These animals spend their whole lives waiting to have sex, and then they die | Popular Science
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These animals spend their whole lives waiting to have sex, and then they die

Existing just to have sex is a solid evolutionary strategy.

antechinus

The humble antechinus, pre-sex.

The humble antechinus has been in the news recently because, well, it has so much sex that it dies. This is not an evolutionary flaw. It is, in fact, a feature of the species.

Male antechinuses (antechinii? antechinae?) spend half their lives having sex for 14 hours a day. And it’s not leisurely, loving sex. It’s frantic oh-my-god-I-must-ejaculate-as-quickly-as-possible kind of sex. The kind of sex that rapidly depletes their limited supply of sperm and causes their bodies to literally fall apart. They lose their fur. They bleed internally. They die before they hit their first birthday.

And so, in honor of the antechinus’ tragic death, we give you a small sampling of the many creatures that exist on this Earth only to reproduce and die. There’s actually a technical name for them: semelparous animals. They have just one chance to reproduce—usually meaning one mating season, but occasionally meaning one act of sex—then they die.

If this seems like an odd strategy, consider the fact that semelparous creatures often produce more offspring. Sure, they die afterwards, but because they’re not concerned with survival after the mating season, they can quite literally put all of their energy and resources into finding a mate. It’s a risk that pays off (at least on a species-wide level). Still, there are few mammals or even vertebrates that use this tactic, probably because the opportunity to reproduce year after year is worth developing the biological fortitude to survive your mating ritual.

Drones (the bees, not the robots)

bees

Note: not drones. No one seems to want to photograph just the drones.

Ah, the classic example. Drone bees, unlike their female compatriots, exist primarily to have sex with the queen bee. They will occasionally lend a wing to help cool the hive if it overheats, but mostly they just sit around waiting for mating season. A bunch of them have sex with the queen bee in succession, and then they all drop dead. It’s a wonderful life, isn’t it?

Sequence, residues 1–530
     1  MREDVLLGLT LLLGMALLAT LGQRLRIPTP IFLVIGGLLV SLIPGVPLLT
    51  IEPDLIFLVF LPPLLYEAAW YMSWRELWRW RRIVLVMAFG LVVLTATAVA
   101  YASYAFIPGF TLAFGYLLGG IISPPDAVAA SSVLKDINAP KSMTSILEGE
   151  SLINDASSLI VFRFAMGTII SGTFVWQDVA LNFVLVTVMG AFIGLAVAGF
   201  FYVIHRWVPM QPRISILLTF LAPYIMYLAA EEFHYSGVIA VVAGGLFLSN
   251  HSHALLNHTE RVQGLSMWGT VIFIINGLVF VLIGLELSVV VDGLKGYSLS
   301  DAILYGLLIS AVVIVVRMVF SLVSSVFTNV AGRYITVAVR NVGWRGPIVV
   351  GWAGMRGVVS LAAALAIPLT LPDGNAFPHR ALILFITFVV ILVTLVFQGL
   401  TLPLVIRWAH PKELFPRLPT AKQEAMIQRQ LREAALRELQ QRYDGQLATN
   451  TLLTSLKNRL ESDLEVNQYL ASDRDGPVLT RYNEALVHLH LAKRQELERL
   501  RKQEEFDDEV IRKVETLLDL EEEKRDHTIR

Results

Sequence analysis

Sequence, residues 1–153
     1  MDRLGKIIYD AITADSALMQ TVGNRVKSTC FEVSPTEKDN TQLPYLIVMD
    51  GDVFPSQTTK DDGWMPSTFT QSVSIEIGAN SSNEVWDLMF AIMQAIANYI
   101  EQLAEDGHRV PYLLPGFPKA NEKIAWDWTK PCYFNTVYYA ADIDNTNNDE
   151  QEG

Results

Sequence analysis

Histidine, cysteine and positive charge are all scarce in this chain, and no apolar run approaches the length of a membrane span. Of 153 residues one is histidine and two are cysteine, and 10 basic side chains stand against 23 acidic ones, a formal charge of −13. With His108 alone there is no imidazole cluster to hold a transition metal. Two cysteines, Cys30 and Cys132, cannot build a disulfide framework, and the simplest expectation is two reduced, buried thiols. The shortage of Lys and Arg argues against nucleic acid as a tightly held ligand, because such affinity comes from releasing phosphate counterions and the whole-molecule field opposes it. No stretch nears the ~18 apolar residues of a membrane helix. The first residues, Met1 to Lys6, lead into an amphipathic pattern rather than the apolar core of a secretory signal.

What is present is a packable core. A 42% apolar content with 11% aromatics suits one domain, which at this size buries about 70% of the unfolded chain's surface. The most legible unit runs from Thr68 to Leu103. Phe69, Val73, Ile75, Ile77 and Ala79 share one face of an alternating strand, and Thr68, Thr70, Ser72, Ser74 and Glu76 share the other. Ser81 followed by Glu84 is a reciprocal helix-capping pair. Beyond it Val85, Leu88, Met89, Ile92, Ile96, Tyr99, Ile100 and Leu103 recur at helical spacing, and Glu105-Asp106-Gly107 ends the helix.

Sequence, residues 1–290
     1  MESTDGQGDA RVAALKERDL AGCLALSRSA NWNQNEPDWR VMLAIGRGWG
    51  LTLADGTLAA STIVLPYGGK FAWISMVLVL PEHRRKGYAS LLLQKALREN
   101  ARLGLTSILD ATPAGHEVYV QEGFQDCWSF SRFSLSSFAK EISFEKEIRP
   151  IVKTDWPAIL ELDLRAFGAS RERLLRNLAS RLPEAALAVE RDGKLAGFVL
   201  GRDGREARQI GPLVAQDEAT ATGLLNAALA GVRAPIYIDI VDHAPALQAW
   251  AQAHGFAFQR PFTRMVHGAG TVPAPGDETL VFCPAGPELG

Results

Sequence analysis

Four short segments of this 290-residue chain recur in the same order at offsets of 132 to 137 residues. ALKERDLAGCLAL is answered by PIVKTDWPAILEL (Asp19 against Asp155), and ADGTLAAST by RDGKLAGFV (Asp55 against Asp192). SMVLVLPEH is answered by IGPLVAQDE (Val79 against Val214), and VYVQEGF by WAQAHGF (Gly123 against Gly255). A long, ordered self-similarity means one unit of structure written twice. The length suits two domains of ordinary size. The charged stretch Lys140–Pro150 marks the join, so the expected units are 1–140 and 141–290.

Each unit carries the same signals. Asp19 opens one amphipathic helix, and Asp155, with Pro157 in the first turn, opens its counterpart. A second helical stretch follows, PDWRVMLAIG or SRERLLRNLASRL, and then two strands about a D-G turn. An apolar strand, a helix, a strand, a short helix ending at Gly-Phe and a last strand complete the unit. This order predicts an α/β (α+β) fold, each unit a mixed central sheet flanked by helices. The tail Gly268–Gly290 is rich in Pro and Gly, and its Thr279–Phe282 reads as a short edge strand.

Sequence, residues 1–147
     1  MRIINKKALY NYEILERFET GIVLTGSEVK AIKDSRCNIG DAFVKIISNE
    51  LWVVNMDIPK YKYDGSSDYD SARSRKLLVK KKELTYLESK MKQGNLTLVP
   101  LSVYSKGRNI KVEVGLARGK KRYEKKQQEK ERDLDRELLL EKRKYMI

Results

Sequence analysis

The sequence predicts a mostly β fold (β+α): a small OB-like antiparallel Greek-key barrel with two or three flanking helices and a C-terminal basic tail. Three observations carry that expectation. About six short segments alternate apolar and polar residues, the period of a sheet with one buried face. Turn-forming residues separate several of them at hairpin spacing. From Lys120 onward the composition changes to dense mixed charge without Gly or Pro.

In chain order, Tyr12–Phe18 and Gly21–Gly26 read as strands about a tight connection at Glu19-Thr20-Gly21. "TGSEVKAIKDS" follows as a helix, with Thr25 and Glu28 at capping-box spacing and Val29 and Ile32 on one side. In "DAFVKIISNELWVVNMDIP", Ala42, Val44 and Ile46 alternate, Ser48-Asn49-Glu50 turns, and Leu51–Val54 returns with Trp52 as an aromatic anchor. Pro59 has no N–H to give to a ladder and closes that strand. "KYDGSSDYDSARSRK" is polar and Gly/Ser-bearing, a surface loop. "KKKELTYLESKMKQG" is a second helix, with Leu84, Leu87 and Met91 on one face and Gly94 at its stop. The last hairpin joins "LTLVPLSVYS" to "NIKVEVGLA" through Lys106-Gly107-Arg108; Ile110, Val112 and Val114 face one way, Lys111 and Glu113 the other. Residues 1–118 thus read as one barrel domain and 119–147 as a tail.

Pacific Salmon

coho salmon

Coho salmon are scarier than you thought, huh?

Salmon famously migrate up-river in order to lay their roe, leaping up small waterfalls and literally swimming against the tide to reach their destination. Once they reproduce, the females die almost immediately, while the males live long enough to defend their eggs. Then they die, too, since they haven’t been eating while in freshwater. They’ve been relying on stored energy, breaking down fats as needed to fuel their movement, but once the stores are depleted they’re done.

Deep-sea octopuses

octopus

A lil octopus

Female Graneledone boreopacifica live thousands of feet underwater and spend a significant chunk of their lives starving to death as they keep a watchful eye on their eggs. One research team monitored a mom guarding her clutch for 53 months. During that time, G. boreopacifica doesn’t eat at all, or really do anything except hover over her younglings. Then she dies. Her mate has probably already died, since male octopuses die shortly after reproducing. They truly prove that even intelligent creatures can throw it all away for one wild night.

Twisted-wing parasites

parasite

A male twisted-wing parasite. To picture a female, imagine a black lump sticking out of a wasp's rear end.

As the name implies, these little insects live twisted lives. The females embed themselves inside other insects, like bees or wasps, with only the “anterior region” (her butt, basically) sticking out. A male parasite then comes along, inseminates her, and flies away. He dies soon after, having lived just a few hours post-hatching. Then the female hatches her brood and her babies eat her from the inside out. Ah, motherhood.

Labord’s chameleon

chameleon

No, it doesn't change color to camouflage.

Every year the world’s entire population of Labord’s chameleons just up and die. They live for four or five months total, from November to February or March, in which time they grow up, mate, deposit eggs, and finally (finally!) die. They live only on the island of Madagascar, and really only within a very small portion of the forest. They also spend most of their lives as eggs. So while this species manages to persist, it’s not like it makes much of a mark on the world at large. Not every evolutionary success story is glamorous.

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